One of the exercises involved simply walking by and being in a space in my apartment that OCD had made off limits. As I did this we listened to uncertainty scripts. Almost immediately there were two small-to-medium triggers. The first was that Ashley set my phone down on my table in a spot that was “contaminated” and I asked her if she could not put the phone there. Dr. Coco did an excellent job of seizing that opportunity to dig a little deeper and we were able to, in that moment, change course and do immediate exposure to that trigger. We were able to take address it rather quickly and it diverted us for less than five minutes. When I went back to the other exercise, there was another trigger where I stepped on a crumb on the carpet unexpectedly. I think Dr. Coco’s response to the first trigger gave me permission to talk about the second one and work through it in real time. I was able to verbalize my fears in the moment and analyze and talk through my choices for responding to the trigger and the reasons for responding in different ways. I noticed that when I have an OCD response to a trigger that pushing through and taking the next step is often the most difficult part. Stepping on the crumb set off my OCD alarms, and literally taking that next step without doing anything about it was the hardest part. As I slowly began to take baby steps it really did get progressively easier and OCD slowly relinquished. It was slow and it still hasn’t totally gone away. But it happened. So that’s takeaway number one: the first step is often the most difficult.

Takeaway number two was that social interaction and laughter really help to ease the tension. Throughout the session we were chatting and laughing and it helped me to tolerate the discomfort of the exposure. I think the ultimate goal of exposure is to experience the discomfort that comes with uncertainty, but laughter in this case helped to sweeten and ease the experience (thinking of Hannah Gadsby’s Nanette special right now). It’s also helpful as a tool to help break through into new territory.

Takeaway number three was to harness the emotions that will empower me to fight back against OCD. Dr. Coco again did an excellent job of coaching me through this. In the moments of exposure where my impulse was to ritualize, she would ask me what reasons there were for not ritualizing. The main reasons of course are because OCD has taken over my life and to fight back against OCD and reclaim what OCD has taken away. “What reason do you have not to engage in ritual?” Dr. Coco would ask. “Because, screw you OCD.” Dr. Coco mentioned another client who says that both OCD and exposure therapy suck, but that you might as well do the kind of sucking that is productive. So, I will try to do the productive kind of sucking.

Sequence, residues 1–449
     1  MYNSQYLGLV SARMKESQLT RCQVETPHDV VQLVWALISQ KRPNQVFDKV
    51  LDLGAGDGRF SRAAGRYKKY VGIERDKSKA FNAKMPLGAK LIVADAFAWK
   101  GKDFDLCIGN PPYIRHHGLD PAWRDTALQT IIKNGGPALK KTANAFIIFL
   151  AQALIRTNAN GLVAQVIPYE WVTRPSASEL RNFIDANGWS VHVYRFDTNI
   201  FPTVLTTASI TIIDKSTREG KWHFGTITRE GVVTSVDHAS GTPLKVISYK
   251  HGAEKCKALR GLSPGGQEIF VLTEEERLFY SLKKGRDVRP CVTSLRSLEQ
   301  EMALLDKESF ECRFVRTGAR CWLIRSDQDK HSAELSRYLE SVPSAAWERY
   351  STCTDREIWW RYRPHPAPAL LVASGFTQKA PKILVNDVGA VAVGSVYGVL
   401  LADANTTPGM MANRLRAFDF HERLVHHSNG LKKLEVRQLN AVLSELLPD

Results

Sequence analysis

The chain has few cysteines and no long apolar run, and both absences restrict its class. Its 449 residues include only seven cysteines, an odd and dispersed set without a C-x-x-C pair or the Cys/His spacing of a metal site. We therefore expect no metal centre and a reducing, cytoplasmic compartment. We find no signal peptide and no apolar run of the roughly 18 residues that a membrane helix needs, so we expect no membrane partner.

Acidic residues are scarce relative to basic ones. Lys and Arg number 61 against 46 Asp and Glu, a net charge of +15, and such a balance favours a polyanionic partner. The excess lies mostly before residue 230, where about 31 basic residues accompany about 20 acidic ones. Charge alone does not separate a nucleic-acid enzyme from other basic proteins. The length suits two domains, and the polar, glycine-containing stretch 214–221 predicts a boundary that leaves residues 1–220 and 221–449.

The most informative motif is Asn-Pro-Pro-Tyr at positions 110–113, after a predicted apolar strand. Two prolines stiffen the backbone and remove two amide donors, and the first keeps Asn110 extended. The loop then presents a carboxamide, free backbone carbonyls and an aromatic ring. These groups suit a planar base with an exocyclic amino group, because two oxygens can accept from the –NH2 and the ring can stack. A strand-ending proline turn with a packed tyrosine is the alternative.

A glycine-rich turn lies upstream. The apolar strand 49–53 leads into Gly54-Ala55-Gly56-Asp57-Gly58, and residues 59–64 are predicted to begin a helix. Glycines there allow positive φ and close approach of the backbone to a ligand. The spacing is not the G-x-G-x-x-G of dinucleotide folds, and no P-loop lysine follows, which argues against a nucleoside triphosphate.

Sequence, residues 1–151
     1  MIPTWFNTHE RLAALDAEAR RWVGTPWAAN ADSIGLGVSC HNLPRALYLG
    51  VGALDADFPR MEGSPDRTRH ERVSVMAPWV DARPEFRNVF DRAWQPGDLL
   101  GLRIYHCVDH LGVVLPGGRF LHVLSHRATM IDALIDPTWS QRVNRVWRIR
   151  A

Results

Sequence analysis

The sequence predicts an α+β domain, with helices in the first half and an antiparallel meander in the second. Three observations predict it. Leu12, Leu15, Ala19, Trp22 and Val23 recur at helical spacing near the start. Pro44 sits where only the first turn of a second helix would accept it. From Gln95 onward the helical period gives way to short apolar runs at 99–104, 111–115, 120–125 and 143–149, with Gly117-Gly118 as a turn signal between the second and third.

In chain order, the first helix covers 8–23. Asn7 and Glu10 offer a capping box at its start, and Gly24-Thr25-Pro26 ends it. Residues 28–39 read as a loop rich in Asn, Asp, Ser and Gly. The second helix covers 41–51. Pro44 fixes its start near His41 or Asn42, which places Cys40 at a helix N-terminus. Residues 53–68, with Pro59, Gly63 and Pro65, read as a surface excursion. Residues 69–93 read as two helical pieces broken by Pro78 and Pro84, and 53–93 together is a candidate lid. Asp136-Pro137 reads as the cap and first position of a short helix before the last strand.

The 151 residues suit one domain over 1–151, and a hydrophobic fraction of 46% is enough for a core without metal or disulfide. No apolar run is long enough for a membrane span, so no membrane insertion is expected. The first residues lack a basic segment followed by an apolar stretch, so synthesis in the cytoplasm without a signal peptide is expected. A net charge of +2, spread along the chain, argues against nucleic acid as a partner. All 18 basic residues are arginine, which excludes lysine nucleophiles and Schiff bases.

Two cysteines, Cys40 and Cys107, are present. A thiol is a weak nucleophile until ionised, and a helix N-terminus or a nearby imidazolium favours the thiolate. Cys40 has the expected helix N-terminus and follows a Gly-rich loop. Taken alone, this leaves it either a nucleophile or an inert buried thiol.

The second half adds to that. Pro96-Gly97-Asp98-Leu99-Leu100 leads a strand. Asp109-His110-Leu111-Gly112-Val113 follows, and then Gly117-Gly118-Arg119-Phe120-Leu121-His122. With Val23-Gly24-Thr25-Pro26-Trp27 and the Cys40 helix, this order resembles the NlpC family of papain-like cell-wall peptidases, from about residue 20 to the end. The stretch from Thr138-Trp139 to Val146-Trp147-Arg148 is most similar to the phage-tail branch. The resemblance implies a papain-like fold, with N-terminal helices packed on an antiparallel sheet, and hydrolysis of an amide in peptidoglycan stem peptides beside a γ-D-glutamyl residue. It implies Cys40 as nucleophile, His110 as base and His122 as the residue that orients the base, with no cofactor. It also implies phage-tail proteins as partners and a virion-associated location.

Dr. Coco had to leave, but Ashley was able to stick around for an extra 90 minutes. We used that time to achieve another milestone: cooking a meal in my kitchen. We cooked ravioli with marinara, a meal that didn’t actually require me to touch the food with my hands (that will be future exposure). Then we ate the raviolis out of my bowls using real utensils, and then cleaned all the dishes and loaded them into the dishwasher. It’s been five or six months since I cooked a meal and used my dishes. So… win!

So, I wrapped up today with a boost in confidence and feeling like we accomplished a lot.

Processing my latest IOP

Today was my third in-home IOP session. Dr. Tininenko and I were able to do some good work. We were able to take back some space that OCD had claimed. We did some good exposure work.

With about twenty minutes left in our session Dr. Tininenko said something that was highly triggering for me. It was not intentional and I know she felt badly for it. We were making little notecards that we could put up around the house with some mid-level anxiety-inducing words written on them (words that for me have SUDs ratings around 5). We had bought some double sided tape to put up the notecards around the house so that I would have constant exposure to them. As Dr. Tininenko was trying to open the tape she said a word that bumped my SUDs up to 8. I felt my heartbeat go up, my legs get a little weak, and a catch in my throat. I immediately asked if I could go to the bathroom because… well, I don’t know why. I think it was my flight response kicking in.

Once in the bathroom, my OCD started telling me a story about what was going to happen. We were going to put the tape on all the cards and in so doing contaminate all the cards with the level 8 word. Then whenever I see those cards I would imagine and think the level 8 word, not the level 5 word that was actually written on the cards. This would dramatically accelerate the spread of the level 8 contamination in my apartment. It was this thought of littering my apartment with the level 8 contamination that caused me to react with such fear. I’m not quite ready for that.

All of this processing happened in a matter of seconds. But, then I thought “why process this alone. Best to be open and honest with the therapist that is here to help me.”